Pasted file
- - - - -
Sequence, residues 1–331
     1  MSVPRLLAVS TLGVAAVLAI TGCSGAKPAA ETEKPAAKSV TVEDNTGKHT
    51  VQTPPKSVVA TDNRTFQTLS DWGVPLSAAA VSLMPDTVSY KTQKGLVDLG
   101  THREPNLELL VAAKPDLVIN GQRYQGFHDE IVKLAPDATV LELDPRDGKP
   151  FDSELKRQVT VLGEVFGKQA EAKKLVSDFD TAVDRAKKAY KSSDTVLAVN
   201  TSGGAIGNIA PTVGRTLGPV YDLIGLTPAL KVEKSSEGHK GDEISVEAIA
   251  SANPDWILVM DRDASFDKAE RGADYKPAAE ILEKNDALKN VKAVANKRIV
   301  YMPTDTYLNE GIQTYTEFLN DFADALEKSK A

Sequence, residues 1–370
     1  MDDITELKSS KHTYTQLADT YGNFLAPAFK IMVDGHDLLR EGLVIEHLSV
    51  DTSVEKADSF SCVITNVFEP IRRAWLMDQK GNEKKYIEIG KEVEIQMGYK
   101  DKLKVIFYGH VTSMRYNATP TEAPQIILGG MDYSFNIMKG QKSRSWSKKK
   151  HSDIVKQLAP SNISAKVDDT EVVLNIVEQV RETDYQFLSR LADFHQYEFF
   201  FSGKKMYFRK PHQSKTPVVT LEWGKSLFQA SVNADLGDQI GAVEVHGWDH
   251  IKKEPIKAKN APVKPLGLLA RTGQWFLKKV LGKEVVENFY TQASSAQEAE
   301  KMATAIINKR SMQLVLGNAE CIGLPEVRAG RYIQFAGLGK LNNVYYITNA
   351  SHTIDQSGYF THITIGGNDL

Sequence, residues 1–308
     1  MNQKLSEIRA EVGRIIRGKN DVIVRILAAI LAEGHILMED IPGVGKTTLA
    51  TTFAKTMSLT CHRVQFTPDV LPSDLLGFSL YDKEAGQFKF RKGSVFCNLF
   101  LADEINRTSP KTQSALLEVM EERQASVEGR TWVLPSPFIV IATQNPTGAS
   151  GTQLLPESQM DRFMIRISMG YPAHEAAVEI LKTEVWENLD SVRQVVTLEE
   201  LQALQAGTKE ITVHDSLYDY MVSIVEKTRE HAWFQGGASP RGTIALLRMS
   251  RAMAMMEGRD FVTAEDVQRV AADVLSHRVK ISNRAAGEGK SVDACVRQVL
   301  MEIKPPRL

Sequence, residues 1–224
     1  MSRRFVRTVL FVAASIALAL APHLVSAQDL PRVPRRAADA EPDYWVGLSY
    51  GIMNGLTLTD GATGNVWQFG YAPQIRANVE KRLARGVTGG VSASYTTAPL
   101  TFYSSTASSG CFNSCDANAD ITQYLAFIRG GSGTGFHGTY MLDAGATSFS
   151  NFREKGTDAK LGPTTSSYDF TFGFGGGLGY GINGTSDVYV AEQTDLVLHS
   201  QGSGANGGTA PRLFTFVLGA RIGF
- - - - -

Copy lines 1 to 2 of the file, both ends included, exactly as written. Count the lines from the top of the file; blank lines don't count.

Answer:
Sequence, residues 1–331
     1  MSVPRLLAVS TLGVAAVLAI TGCSGAKPAA ETEKPAAKSV TVEDNTGKHT